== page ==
'The Sign in Sidney Brustein’s Window' hurtles back to Broadway with more resonance than ever

The Tony Award-nominated team behind the Lorraine Hansberry show, up for Best Revival of a Play, reflects on its breakneck road to Broadway after 60 years away.

Joe Dziemianowicz
Joe Dziemianowicz

A quick change in the theatre usually refers to costume swaps that happen in a flash. But the revival of Lorraine Hansberry’s 1964 play The Sign in Sidney Brustein’s Window, starring Oscar Isaac and Rachel Brosnahan through July 2, had a quick change of address.

Director Anne Kauffman’s production wrapped its scheduled run at the Brooklyn Academy of Music on March 24, announced a surprise Broadway transfer on April 3, opened at the James Earl Jones Theatre on April 27, and was nominated for a Best Revival Tony Award on May 2. Whew!

Joi Gresham, the director of the Lorraine Hansberry Literary Trust and a consulting producer, is thrilled about the whirlwind move and the recognition. “The Best Revival award, to me, is Lorraine’s award, and it would mean everything,” Gresham says. She credited BAM's exiting artistic director David Binder for assembling a “Broadway-worthy production” that let the show “move really, really quickly.”

Gresham became the head of the Hansberry Trust in 2006, and she’s been on a “mission to bring the play back to Broadway” ever since. Gresham has a “very personal relationship” with Sign, which also ran for five performances on Broadway in 1972. “I’m in love with every single character.”

Not that they’re easy to embrace – especially Sidney – in the story set in 1964 Greenwich Village. Until his 11th-hour wake-up call, Sidney’s lazy liberalism and noncommittal nearsightedness wreak personal and political havoc in his home and beyond.

Gresham acknowledges that Sidney “is full of contradictions that get in the way of his getting things done. He’s ridiculous. He’s immature. He takes up all the oxygen in the room,” she said. In the end, Sidney wakes up and is able to “take on his own activism and to make it real and to make it right.”

The character, she added, “was originally modeled after Lenny Bruce.” (Coincidentally, the prickly comedian shows up on Brosnahan’s hit TV series, The Marvelous Mrs. Maisel.) “He was a kind of rainbow – from hard, cold, and edgy to soft, and tender.”

Sign has a timeless quality, according to Gresham. “This play is about our engagement and our commitment to life matters,” she says. “It’s about our willingness to participate and difficult conversations and the need to learn how to listen to another person’s point of view.”

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Miriam Silverman, a Best Featured Actress Tony nominee for playing Sidney’s prejudiced sister-in-law Mavis, can attest to that. She can also attest to the unprecedented nature of Sign's Broadway return. As the show was closing at BAM, she says, “There were murmurs about moving into Broadway, but none of us thought it was happening.”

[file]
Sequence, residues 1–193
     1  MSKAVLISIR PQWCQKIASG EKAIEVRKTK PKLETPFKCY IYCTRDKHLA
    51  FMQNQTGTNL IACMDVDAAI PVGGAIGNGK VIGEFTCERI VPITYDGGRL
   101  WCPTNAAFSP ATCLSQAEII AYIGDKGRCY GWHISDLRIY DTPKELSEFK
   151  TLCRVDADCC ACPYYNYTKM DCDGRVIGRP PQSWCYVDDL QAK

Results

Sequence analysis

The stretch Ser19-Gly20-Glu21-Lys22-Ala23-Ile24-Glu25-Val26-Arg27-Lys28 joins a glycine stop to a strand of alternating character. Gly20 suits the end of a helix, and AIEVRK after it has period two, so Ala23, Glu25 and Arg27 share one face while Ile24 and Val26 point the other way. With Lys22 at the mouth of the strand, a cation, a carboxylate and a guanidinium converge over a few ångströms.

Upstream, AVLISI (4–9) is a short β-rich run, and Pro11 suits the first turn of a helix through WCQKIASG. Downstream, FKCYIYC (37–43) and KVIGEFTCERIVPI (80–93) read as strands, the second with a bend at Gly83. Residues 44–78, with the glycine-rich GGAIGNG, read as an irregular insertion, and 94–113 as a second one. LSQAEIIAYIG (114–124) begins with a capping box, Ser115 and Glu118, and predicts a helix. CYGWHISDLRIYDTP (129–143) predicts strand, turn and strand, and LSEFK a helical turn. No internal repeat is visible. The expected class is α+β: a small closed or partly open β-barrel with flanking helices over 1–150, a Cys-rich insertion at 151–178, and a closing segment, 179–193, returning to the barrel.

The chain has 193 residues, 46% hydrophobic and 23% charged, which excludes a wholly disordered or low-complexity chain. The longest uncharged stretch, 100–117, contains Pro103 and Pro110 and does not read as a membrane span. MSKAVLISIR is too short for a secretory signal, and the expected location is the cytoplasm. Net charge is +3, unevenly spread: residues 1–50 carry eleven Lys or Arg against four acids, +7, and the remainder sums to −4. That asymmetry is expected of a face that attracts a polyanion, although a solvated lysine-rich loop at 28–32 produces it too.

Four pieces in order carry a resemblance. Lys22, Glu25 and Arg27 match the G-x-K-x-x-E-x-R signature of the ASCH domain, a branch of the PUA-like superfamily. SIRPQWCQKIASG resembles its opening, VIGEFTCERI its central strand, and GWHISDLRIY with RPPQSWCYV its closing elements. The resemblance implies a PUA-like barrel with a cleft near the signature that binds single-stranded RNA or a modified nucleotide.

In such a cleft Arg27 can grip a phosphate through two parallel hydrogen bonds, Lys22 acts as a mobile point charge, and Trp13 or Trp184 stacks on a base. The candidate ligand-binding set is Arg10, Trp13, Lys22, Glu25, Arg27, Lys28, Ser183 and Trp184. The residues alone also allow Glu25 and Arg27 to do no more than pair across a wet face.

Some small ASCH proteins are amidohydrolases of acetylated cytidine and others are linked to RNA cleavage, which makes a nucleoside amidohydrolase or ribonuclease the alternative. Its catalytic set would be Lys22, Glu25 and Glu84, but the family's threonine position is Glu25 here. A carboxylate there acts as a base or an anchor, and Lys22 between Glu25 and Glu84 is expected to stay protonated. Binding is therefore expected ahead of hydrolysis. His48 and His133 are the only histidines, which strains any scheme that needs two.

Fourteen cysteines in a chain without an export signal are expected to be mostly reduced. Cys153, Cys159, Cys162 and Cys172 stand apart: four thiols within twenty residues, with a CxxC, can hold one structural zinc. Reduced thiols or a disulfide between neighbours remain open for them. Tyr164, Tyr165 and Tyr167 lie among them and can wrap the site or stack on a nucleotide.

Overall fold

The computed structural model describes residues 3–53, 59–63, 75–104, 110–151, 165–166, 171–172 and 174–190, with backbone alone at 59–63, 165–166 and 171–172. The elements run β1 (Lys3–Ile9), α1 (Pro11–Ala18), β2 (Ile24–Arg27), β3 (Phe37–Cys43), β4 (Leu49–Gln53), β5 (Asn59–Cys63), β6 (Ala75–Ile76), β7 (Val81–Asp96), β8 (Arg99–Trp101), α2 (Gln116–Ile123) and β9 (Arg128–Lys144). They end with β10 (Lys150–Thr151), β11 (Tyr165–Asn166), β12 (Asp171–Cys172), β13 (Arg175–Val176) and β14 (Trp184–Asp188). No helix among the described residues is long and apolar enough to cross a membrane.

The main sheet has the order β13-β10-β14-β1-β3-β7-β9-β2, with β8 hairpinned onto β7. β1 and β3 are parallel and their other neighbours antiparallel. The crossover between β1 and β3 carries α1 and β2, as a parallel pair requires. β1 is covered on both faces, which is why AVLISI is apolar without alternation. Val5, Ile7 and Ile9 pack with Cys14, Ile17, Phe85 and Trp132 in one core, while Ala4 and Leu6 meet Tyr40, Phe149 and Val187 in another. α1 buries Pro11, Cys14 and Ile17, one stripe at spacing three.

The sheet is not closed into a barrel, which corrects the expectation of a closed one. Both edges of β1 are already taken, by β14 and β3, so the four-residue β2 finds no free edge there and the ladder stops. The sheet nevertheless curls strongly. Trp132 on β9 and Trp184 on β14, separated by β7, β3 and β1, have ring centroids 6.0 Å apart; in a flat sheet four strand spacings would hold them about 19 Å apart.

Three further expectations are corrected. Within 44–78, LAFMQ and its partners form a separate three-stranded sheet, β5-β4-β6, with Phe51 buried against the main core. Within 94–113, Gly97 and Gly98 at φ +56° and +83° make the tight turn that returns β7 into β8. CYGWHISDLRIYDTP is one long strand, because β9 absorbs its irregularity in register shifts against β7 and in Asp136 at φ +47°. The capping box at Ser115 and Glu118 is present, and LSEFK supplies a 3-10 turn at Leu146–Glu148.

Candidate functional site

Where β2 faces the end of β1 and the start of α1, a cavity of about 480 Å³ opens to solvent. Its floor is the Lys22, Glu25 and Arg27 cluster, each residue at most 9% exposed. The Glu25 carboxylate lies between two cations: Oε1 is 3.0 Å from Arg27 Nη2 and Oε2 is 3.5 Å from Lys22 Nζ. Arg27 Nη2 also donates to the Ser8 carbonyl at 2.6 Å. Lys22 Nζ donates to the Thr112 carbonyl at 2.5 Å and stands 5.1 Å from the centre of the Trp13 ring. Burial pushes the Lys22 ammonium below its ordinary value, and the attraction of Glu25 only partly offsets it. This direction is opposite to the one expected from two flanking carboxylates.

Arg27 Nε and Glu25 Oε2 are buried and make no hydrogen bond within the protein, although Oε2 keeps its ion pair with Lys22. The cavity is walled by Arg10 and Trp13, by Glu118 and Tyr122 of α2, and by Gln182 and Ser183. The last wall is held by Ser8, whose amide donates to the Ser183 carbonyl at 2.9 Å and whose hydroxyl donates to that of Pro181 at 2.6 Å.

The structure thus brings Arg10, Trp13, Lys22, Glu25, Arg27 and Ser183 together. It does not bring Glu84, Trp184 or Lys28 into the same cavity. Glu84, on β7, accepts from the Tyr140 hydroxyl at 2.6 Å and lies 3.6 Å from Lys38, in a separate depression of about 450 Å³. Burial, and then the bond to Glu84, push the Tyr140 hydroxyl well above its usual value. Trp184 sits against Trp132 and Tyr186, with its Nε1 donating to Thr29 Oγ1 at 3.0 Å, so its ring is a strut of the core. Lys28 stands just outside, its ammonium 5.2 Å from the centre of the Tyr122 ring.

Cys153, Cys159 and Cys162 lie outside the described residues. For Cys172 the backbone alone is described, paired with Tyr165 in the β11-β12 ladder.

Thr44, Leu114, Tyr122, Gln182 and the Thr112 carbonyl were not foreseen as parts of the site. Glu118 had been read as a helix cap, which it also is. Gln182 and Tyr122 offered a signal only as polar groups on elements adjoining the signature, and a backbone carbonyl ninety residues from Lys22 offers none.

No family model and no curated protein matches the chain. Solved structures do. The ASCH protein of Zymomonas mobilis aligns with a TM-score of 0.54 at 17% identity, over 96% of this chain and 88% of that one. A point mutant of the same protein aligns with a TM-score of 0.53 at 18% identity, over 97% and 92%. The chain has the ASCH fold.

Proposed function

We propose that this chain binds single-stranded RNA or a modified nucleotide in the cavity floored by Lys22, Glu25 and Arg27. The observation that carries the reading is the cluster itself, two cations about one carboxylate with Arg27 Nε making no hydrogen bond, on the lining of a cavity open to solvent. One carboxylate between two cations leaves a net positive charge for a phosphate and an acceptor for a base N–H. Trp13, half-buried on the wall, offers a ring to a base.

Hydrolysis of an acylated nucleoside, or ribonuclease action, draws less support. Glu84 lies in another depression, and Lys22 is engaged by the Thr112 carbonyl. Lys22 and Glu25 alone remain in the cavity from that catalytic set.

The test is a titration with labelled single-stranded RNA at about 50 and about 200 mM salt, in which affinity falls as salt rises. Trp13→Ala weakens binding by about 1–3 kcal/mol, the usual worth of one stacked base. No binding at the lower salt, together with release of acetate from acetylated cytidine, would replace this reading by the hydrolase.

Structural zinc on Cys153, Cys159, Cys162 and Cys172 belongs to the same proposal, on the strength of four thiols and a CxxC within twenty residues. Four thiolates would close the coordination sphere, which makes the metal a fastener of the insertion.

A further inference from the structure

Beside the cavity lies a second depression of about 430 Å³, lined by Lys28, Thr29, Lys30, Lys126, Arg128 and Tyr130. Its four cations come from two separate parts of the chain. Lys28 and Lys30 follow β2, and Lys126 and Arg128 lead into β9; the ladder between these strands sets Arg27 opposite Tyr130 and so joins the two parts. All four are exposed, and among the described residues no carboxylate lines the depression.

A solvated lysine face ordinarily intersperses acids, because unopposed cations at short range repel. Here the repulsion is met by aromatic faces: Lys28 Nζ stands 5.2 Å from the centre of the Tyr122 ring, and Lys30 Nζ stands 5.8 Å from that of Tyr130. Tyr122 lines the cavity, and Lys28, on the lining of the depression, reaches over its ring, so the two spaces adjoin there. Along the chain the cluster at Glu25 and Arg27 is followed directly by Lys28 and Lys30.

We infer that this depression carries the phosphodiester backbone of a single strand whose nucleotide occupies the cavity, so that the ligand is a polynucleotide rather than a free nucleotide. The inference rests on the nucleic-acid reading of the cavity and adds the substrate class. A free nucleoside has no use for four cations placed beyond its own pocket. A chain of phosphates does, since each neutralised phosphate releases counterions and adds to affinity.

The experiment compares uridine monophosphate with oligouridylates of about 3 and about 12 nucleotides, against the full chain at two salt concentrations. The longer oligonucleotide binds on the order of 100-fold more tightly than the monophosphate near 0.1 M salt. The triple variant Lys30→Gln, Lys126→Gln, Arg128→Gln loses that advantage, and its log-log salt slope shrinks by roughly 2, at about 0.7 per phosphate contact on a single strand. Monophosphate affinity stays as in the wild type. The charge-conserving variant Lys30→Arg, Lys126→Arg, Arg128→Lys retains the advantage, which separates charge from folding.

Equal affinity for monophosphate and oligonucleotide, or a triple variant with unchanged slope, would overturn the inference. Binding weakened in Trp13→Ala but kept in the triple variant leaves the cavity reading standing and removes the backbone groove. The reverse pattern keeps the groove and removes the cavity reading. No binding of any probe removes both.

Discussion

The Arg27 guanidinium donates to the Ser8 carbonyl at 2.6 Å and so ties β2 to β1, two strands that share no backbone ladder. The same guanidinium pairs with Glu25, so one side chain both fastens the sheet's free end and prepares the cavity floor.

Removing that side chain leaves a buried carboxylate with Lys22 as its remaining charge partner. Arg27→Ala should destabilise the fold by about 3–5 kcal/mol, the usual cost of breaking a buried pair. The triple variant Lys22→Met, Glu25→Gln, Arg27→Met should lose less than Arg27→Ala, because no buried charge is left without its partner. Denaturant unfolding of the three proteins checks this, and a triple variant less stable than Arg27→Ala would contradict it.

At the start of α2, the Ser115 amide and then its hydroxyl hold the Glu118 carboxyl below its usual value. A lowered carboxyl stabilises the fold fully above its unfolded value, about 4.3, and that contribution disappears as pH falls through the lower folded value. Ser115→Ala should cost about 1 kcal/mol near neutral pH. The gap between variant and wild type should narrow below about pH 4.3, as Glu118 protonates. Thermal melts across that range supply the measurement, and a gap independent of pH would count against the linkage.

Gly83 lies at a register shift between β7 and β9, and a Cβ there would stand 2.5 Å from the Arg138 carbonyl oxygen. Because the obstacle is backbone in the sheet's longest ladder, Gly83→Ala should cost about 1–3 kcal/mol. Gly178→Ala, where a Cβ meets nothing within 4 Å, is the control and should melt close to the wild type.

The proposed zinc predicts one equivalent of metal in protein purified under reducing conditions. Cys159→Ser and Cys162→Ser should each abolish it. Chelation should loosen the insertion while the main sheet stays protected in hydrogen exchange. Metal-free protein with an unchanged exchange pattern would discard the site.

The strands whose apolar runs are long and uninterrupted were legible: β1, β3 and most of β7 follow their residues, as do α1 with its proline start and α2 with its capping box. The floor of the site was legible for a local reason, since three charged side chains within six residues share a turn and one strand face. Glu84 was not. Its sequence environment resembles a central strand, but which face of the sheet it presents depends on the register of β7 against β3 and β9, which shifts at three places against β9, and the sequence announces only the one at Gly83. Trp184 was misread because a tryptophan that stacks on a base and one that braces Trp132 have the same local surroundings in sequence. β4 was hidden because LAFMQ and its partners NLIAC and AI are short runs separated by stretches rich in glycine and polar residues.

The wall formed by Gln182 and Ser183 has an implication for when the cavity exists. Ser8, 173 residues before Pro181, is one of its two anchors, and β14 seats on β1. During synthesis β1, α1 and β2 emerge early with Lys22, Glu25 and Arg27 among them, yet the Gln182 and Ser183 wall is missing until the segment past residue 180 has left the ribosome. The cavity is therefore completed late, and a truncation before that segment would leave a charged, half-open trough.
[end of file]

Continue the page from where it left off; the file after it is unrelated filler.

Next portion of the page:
Silverman was on a family getaway in Sweden when a flurry of text messages hinted the transfer was maybe yes, maybe no. A week later, it was on. “A few days later, we’re in rehearsal,” remembered Silverman. “It was really crazy.”

It was also exhilarating for the actress, who said Hansberry is one of her idols as a writer, “as political activist, as a thinker.” She first dove deep into Hansberry’s life when she portrayed Mavis in Kauffman’s 2016 staging in Chicago, the basis for the BAM and Broadway productions.

“I just fell in love with her, and it's a constant tragedy that she didn't get 50 more years,” Silverman said.

Hansberry died at age 34 in January 1965, two days after the three-month premiere run of Sign ended. By then, she'd made her name with A Raisin in the Sun, the landmark 1959 play that remains her most famous. While A Raisin in the Sun is a more traditional, well-made play, The Sign in Sidney Brustein’s Window “is a completely separate beast,” the actress said.

She added that it’s “sprawling and form-defying. It asks a lot of the audience to engage with it and process it.”

At BAM and on Broadway, Gresham has observed distinct generational reactions. Millennial and Gen Z audience members have been “more emotional” as they’ve talked about the play during intermission and at the end. Boomers, she says, have been quieter, as they try “to wrap their minds around how this corresponds to A Raisin in the Sun.”

No doubt the same thought process occurred during the 1964 run of The Sign in Sidney Brustein’s Window. When it posted a premature closing notice, celebrities including James Baldwin, Sammy Davis, and Paddy Chayefsky campaigned to save the show. Something similar happened earlier this season: Luminaries including Tyler Perry and Shonda Rhimes rallied to keep Jordan E. Cooper’s Best Play Tony nominee Ain’t No Mo' running.

Gresham says she and fellow producers have “talked about this. For me, it’s this full circle moment in my lifetime. This play is a play that is bigger than the critical reviews of it. It's bigger than the social specifics of it. It’s got a relevancy that you can almost plug into any time.”

Top image credit: Rachel Brosnahan and Oscar Isaac in The Sign in Sidney Brustein’s Window.
In-article image credit: Julian de Niro and Miriam Silverman in The Sign in Sidney Brustein’s Window. (Photos by Julieta Cervantes)

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